Traits of importance for aerobic rice

Jaquie Mitchell1, Christopher Proud1, Trinh mai Nguyen1 and Shu Fukai1

1 School of Agriculture and Food Sciences, University of Queensland, St Lucia, QLD, 4072, Email:


Irrigation water is limited and costly and for the Australian Rice Industry based in the Riverina, this has become a major limitation to production.  Aerobic production (well-watered, non-flooded) has been proposed to improve water productivity. However, historically in Australia, varieties have been developed for continuously flooded growing conditions and as such the appropriateness of the germplasm to aerobic adaptation needs to be explored. Deeper rooting is one trait that is believed to be associated with improved aerobic performance by ensuring plants are less susceptible to fluctuations in water availability in the top 20 cm of the soil profile. Two field experiments evaluating 20 genotypes were conducted to examine genetic variation and relationships between root traits and grain yield. Two methods for root trait observations were conducted. A basket method was utilised for 15 genotypes in one experiment, while soil cores at maturity were collected from all plots in both experiments. Highly significant (p<0.01) genetic variation existed for grain yield and root traits in both experiments and the expression of traits were consistent between experiments (rg = >0.90).  Grain yield had a highly significant genetic correlation (rg= 0.56**) with the percentage of roots below 20 cm at maturity which demonstrated the advantage of a deeper root system in aerobic conditions.  Several lines, most notably Australian variety Sherpa, demonstrated high yields in aerobic conditions but only moderate expression of deep roots.  These results suggest the incorporation of deep rooting characteristics into high yield potential backgrounds (e.g. Sherpa) has the potential to close the yield gap between aerobic and traditional flooded production.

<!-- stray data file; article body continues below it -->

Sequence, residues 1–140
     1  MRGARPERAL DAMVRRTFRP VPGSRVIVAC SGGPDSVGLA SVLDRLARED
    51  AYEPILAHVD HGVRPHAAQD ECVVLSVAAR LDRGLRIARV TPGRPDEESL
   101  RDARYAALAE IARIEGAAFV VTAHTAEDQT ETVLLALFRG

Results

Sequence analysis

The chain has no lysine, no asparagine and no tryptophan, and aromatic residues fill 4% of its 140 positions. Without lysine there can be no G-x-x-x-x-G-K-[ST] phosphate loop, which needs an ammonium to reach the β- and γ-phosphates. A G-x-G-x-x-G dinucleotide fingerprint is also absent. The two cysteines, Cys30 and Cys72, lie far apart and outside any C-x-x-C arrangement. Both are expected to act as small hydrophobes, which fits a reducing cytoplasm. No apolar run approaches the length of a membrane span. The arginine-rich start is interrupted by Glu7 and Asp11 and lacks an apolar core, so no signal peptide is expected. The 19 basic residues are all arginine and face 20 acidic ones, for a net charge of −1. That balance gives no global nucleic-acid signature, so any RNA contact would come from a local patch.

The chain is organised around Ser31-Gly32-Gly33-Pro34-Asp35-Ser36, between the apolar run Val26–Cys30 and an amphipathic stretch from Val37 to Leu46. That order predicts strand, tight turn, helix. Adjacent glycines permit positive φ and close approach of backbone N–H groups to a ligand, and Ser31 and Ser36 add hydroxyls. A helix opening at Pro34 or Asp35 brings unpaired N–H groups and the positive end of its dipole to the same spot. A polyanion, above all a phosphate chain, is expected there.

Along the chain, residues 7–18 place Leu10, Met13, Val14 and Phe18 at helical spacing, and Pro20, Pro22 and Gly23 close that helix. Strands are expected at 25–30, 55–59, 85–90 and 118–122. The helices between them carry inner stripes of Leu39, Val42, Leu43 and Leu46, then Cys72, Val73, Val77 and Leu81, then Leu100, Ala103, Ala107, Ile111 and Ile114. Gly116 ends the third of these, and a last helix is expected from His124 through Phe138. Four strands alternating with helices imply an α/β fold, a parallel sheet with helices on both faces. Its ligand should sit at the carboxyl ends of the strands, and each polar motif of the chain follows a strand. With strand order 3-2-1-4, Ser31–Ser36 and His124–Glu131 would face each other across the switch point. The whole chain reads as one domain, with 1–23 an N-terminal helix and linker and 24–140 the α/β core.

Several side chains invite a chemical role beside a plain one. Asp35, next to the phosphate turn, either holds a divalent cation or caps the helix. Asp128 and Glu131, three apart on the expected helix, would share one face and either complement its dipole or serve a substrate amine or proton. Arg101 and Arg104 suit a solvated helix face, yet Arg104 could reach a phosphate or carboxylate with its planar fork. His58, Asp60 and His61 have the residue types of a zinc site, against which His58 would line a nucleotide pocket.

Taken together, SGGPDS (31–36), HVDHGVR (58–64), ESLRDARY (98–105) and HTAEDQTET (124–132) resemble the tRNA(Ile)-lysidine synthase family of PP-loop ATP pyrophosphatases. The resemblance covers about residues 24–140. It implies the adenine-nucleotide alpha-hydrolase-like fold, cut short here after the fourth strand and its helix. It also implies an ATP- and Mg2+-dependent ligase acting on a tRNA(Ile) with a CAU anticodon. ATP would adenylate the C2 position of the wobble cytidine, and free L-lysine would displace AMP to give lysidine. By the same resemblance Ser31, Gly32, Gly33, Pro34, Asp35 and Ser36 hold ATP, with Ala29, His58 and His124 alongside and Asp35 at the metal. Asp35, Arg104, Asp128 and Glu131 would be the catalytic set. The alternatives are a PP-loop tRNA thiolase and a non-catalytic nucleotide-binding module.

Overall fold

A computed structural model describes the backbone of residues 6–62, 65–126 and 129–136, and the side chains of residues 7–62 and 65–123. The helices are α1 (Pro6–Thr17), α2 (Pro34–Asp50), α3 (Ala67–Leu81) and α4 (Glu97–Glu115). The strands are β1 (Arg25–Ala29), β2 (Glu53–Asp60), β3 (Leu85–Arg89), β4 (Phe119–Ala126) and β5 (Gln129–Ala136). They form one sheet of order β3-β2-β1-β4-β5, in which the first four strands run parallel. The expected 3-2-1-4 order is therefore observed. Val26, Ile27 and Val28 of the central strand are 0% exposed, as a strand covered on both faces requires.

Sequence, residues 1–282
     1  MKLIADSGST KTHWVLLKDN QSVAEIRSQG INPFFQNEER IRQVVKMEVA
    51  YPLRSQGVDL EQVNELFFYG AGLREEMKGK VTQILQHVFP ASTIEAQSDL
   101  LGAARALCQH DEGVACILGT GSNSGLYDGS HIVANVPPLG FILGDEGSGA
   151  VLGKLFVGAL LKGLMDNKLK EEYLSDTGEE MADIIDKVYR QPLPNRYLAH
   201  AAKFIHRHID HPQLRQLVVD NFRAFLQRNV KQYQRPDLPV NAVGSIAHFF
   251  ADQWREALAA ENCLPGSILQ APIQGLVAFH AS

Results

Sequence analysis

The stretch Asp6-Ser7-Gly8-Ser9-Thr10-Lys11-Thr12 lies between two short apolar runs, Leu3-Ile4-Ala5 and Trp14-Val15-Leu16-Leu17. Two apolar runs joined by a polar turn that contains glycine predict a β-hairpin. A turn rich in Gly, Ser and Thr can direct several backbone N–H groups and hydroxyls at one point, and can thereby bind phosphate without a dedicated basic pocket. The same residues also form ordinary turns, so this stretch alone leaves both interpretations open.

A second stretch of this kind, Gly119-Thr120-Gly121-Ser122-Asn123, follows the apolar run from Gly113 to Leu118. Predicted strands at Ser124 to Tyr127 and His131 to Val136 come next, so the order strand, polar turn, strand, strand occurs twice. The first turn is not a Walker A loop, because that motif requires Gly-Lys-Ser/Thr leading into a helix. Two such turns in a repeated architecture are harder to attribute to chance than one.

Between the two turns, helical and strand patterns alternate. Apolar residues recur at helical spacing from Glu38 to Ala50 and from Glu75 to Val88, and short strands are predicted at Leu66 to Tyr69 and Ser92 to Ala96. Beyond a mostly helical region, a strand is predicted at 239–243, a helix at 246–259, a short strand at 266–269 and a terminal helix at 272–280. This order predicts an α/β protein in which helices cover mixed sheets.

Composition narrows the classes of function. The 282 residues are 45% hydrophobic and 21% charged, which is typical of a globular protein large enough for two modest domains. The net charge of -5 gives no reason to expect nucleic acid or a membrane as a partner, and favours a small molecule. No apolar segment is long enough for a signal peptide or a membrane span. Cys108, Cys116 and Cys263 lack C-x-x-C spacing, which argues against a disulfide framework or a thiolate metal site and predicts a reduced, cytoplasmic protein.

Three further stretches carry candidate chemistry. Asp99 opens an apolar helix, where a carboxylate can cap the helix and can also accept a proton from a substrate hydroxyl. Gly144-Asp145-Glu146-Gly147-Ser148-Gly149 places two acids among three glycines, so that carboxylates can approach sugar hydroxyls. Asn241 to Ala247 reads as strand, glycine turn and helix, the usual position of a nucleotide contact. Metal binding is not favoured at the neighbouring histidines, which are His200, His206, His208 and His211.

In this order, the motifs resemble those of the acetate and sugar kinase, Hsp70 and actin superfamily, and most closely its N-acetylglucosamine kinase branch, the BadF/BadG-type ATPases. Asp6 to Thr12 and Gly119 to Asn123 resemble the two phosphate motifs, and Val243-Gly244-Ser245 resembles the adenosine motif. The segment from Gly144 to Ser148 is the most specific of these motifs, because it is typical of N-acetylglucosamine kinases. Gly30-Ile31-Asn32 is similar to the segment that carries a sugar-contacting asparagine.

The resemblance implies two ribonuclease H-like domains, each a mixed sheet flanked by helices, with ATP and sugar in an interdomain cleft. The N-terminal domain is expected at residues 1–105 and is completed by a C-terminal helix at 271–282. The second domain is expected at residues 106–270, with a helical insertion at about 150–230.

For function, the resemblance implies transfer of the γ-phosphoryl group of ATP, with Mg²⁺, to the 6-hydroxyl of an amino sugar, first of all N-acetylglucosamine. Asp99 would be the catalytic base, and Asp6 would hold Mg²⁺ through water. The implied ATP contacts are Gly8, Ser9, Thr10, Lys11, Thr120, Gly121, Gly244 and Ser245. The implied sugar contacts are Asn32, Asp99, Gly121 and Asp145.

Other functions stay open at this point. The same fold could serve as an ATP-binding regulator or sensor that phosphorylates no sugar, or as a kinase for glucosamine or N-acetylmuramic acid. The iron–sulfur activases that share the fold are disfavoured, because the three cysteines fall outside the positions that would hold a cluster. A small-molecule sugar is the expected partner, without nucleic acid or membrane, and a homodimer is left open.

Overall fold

The Australian Society of Agronomy is the professional body for agronomists in Australia. It has approximately 500 active members drawn from government, universities, research organisations and the private sector.

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David Marland Photography Graham Centre for Agricultural Innovation, Charles Sturt University

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